Italy’s former interior minister Matteo Salvini has gone on trial charged with kidnapping for refusing to allow a Spanish migrant rescue ship to dock in Sicily, keeping the people onboard at sea for days in in 2019.

It is the first trial to go ahead against Salvini for his actions preventing migrant landings while he served as interior minister during 2018/19 in an uneasy coalition between the populist 5-Star Movement and his right-wing League group.

Salvini was present for the opening day of the trial in Palermo, Sicily, which was expected to deal mostly with procedural requests.

Matteo Salvini arrives at Palermo’s court
Matteo Salvini arrives at Palermo’s court (Gregorio Borgia/AP)

He has insisted he was fulfilling his duty by refusing entry to the Open Arms rescue ship, and the 147 people it had saved in the Mediterranean Sea off Libya.

He took a hard line on migrant arrivals, blocking ships and pushing for Europe to take some of the burden off Italy.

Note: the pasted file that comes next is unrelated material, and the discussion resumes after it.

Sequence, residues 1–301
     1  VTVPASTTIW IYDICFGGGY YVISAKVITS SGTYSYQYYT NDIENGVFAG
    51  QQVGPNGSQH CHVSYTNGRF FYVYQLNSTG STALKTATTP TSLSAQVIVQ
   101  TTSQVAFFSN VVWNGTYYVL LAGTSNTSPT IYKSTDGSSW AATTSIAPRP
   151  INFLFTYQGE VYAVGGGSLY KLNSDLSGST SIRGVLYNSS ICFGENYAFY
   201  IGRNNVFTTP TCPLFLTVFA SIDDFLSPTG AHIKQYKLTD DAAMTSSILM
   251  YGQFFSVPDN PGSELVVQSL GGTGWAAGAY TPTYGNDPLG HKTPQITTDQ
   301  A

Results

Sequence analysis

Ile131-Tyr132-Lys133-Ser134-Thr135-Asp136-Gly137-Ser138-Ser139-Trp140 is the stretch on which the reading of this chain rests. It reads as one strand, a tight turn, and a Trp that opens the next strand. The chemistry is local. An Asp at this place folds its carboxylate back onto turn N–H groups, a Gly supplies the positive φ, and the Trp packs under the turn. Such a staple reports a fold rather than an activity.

Prosecutors accuse Salvini of dereliction of duty and kidnapping for refusing to allow the ship into port for days in August 2019.

During the near-three-week standoff, some migrants threw themselves overboard in desperation and the captain pleaded for a safe, nearby port.

Some migrants were taken to land for humanitarian or health reasons, while the remaining 83 were eventually allowed to disembark on the Italian island of Lampedusa.

Open Arms founder Oscar Camps
Open Arms founder Oscar Camps (Gregorio Borgia/AP)

“We expect justice for the unnecessary suffering that all the people had in those 20 days,” said Oscar Camps, head of the Spanish non-governmental organisation Open Arms.

A court in Catania, Sicily, earlier this year decided not to try Salvini in a similar case, for keeping 116 migrants on board an Italian coastguard ship at sea for five days, also in 2019.